Skip to main content

Morries Hall, George Floyd’s Suspected Drug Dealer, Says He Does Not Know If He’ll Get Immunity in Next Trial



Fired Minneapolis police officer Derek Chauvin was convicted on Tuesday of unintentional murder in the second degree and other charges in the death of George Floyd, Jr. Next comes the pending trial against Chauvin’s fellow former police colleagues and charges against Morries Hall, Floyd’s suspected drug dealer.

In an interview with Law&Crime, Hall supported the guilty verdict against Chauvin and referenced video of the incident.

“We all saw it,” he said of the murder, in an interview with the Law&Crime Network’s Angenette Levy. “We all witnessed it.”

Hall remembered Floyd glowing terms, describing him as a “giver” with a great sense of humor. He did not address the matter of his potential liability in Floyd’s death.  He also said he did not know if he would receive immunity to testify in the upcoming August 23 trial of Chauvin’s former fellow officers Tou Thao, J. Alexander Kueng, and Thomas Lane.

Hall faces pending charges on unrelated matters including alleged sex trafficking and drug dealing.

It has been alleged that Hall might have given Floyd drugs. He refused to testify in the Chauvin trial and ended up invoking his Fifth Amendment rights.

As seen on video, Chauvin kneeled on Floyd’s neck during an arrest for allegedly using a counterfeit $20 bill on May 25, 2020. The medical examiner found meth and fentanyl in Floyd’s system, but the ex-officer’s defense attorney was unsuccessful at making Floyd’s drug use sound like a reasonable causative factor in his death.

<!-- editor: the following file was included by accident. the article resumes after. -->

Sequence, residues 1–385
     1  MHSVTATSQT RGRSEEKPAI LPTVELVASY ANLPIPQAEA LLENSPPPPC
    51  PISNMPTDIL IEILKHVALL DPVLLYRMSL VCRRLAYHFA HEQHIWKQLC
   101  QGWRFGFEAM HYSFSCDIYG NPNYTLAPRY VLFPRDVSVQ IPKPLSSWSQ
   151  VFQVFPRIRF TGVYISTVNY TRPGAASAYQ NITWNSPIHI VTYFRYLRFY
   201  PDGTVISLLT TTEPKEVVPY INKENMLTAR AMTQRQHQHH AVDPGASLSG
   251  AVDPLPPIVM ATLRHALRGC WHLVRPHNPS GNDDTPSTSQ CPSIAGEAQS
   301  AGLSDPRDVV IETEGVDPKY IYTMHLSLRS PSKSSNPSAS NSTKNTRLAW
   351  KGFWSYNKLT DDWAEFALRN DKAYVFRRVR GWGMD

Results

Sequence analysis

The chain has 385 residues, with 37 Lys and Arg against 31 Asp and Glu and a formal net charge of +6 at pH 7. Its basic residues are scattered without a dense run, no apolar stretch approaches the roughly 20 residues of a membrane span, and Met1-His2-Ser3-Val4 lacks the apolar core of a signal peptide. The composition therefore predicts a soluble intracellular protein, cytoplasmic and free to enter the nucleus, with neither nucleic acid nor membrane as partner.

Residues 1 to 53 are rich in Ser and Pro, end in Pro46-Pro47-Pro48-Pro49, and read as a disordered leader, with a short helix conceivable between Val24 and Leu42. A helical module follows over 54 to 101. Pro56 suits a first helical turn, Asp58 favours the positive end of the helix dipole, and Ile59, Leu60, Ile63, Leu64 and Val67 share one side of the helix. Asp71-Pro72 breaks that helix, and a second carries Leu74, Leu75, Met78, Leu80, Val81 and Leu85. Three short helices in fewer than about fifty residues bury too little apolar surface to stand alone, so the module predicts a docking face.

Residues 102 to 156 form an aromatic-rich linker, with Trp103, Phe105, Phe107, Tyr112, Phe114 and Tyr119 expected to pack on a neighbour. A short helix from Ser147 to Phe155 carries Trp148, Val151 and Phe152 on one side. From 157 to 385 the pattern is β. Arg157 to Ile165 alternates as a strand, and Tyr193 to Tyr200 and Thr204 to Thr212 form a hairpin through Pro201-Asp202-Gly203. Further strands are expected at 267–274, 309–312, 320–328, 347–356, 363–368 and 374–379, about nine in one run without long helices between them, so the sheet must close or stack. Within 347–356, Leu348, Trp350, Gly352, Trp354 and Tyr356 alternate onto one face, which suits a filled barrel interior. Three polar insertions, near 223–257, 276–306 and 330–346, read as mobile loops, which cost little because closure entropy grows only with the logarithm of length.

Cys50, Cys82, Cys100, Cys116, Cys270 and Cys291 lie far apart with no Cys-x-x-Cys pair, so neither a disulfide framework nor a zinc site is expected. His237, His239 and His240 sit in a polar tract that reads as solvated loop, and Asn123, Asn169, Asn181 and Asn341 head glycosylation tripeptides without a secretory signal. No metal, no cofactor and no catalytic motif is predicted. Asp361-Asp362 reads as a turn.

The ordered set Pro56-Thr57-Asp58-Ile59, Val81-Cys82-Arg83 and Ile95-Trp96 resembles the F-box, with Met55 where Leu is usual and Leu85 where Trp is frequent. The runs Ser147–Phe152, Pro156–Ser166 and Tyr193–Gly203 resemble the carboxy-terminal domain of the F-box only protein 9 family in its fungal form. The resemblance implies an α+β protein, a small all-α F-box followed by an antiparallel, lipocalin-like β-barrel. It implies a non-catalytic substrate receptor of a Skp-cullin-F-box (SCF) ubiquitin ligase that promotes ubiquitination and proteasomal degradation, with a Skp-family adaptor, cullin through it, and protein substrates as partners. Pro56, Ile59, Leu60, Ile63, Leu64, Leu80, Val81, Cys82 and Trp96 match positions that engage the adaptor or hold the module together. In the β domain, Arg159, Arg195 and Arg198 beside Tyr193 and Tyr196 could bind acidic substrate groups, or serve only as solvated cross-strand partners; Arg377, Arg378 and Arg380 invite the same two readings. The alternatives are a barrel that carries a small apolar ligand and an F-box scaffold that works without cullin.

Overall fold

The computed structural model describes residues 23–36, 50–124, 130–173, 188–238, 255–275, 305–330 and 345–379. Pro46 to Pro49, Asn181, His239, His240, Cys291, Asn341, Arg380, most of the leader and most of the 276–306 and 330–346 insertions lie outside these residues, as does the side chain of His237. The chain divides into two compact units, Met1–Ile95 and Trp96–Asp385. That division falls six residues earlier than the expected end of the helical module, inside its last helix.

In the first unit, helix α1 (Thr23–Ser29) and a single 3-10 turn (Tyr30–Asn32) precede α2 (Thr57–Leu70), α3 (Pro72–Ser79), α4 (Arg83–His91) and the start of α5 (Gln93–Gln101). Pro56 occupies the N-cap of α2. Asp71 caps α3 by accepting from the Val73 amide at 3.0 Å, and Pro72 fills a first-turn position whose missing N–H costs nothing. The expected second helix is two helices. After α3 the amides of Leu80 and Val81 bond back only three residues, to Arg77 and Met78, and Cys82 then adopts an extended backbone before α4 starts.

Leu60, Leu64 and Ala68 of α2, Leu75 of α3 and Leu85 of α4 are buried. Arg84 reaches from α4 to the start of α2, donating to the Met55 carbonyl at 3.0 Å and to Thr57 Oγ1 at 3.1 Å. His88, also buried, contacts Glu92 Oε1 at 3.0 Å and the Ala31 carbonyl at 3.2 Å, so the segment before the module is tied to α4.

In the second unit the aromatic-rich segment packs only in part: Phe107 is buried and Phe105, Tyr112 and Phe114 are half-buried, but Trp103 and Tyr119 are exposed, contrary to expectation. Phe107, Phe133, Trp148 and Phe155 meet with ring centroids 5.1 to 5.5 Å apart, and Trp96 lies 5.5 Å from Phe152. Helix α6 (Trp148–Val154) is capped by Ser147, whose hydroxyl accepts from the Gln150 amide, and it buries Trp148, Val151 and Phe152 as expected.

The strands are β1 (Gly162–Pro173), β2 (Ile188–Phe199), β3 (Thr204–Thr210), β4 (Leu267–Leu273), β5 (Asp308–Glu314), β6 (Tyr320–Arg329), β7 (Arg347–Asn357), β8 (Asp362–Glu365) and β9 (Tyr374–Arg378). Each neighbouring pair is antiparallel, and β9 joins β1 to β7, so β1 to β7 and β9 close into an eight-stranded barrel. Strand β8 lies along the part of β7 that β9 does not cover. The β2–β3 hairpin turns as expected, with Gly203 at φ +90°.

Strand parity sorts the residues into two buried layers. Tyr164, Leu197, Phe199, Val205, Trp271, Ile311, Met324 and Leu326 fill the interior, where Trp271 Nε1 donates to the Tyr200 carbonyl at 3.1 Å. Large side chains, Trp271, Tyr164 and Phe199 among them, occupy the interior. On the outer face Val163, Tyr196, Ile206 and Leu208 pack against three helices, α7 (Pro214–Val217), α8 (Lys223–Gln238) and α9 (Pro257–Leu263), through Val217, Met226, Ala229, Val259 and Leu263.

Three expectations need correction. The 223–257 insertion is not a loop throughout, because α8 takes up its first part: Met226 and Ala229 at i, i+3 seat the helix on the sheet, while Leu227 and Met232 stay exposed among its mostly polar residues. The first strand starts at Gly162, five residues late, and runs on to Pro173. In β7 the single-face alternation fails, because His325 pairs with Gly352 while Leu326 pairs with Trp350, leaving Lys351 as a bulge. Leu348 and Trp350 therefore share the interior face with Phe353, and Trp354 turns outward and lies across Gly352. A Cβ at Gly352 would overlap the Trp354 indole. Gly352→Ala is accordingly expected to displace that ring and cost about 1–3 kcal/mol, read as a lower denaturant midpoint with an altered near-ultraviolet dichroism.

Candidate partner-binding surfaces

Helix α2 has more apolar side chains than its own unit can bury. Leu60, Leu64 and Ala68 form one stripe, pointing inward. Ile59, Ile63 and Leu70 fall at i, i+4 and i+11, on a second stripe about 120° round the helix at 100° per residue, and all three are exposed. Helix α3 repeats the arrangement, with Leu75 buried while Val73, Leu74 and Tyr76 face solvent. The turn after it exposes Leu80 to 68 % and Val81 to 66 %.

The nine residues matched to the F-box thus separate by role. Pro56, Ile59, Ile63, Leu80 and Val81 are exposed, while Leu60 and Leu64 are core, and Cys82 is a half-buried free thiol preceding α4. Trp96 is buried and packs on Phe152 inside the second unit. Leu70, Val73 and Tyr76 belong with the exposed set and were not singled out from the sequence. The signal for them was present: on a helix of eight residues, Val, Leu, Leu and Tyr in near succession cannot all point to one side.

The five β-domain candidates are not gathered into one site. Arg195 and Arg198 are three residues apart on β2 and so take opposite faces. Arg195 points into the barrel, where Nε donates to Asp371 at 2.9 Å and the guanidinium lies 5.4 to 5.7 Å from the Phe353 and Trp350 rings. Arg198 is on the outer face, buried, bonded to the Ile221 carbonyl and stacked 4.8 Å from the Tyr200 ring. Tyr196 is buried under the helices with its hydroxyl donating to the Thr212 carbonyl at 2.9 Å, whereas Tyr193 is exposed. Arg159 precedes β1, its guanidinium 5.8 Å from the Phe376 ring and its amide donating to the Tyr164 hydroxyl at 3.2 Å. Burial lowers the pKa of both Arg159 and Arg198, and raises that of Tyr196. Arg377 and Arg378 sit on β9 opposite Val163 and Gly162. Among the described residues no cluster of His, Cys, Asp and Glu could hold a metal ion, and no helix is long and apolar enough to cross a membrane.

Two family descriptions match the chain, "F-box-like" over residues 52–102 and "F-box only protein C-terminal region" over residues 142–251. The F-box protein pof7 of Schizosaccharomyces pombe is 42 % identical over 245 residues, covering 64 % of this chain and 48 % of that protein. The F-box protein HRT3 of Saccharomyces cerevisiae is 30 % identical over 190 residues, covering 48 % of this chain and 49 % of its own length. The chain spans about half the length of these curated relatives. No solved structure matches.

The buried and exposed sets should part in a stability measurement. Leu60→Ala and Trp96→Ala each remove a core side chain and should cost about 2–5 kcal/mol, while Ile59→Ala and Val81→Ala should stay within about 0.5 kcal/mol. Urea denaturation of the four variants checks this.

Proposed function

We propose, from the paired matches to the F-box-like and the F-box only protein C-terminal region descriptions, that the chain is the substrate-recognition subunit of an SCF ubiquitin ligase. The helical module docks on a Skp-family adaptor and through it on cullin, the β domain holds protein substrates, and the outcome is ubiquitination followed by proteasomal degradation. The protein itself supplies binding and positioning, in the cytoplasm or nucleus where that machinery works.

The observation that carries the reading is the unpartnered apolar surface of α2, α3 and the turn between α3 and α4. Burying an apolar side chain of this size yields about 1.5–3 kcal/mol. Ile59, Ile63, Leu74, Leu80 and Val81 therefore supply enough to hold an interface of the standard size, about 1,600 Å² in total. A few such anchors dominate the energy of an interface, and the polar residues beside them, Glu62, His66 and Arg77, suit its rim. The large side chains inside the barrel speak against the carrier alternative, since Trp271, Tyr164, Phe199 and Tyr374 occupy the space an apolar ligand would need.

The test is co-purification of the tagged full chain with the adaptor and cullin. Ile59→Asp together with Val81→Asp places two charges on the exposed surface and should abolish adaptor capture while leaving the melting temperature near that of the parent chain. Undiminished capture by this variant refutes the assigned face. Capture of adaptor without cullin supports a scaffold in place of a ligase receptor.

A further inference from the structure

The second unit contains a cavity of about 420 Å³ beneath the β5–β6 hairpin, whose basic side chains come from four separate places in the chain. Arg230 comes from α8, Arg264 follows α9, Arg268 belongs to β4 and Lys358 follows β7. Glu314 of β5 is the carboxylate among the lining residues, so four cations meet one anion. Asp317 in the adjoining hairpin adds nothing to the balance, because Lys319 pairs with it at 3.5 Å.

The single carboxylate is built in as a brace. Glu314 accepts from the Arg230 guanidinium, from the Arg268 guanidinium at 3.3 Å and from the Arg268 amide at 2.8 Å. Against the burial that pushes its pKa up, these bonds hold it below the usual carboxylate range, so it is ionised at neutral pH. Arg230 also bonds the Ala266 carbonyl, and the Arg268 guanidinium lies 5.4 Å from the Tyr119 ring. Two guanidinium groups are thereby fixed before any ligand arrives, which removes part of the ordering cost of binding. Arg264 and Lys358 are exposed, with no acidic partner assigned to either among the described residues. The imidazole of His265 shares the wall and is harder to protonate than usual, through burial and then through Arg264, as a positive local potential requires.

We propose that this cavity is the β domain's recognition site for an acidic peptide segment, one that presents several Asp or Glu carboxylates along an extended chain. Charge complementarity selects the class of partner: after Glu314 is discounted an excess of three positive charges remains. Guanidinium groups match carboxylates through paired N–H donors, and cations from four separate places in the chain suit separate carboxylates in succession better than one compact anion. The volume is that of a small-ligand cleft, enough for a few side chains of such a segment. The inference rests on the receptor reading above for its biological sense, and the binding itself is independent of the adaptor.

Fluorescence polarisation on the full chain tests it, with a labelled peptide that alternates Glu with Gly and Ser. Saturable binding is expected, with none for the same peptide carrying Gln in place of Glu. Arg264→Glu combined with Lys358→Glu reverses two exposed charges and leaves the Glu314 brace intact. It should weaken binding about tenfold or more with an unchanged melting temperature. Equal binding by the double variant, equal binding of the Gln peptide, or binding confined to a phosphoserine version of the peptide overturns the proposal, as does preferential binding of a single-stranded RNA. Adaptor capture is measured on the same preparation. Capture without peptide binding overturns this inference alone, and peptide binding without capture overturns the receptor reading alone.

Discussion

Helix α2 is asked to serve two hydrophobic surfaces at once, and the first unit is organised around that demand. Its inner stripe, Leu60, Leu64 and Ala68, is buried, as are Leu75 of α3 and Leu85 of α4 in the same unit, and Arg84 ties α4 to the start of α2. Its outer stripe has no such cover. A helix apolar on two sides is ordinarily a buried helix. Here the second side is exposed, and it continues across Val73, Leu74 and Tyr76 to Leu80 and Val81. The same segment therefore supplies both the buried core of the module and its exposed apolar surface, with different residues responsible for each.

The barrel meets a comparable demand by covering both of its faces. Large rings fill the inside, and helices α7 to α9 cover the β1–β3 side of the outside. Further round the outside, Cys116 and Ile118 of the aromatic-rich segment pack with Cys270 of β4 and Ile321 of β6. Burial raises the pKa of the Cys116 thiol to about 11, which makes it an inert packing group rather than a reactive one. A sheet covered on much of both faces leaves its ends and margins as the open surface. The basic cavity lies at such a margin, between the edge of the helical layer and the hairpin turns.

Minneapolis defense attorney Joe Tamburino, who is unaffiliated with the case, previously told Levy about the potential liability.

“Third degree murder has two parts. One is what Mr. Chauvin is accused of, which is a depraved mind, extremely dangerous act,” he said in an April 6 report. “The second part to third degree murder is giving someone drugs and that person dies from the drugs…If Mr. Hall doesn’t testify, it helps the prosecution.”

Usually, “you get the prosecutor to give you immunity” when someone does not want to testify, Tamburino said. But that did not happen here. On top of that, Judge Peter Cahill ruled that Hall’s statements to police after the incident were inadmissible hearsay.

[Screengrab via Law&Crime Network]

Have a tip we should know? [email protected]

Filed Under:

Follow Law&Crime: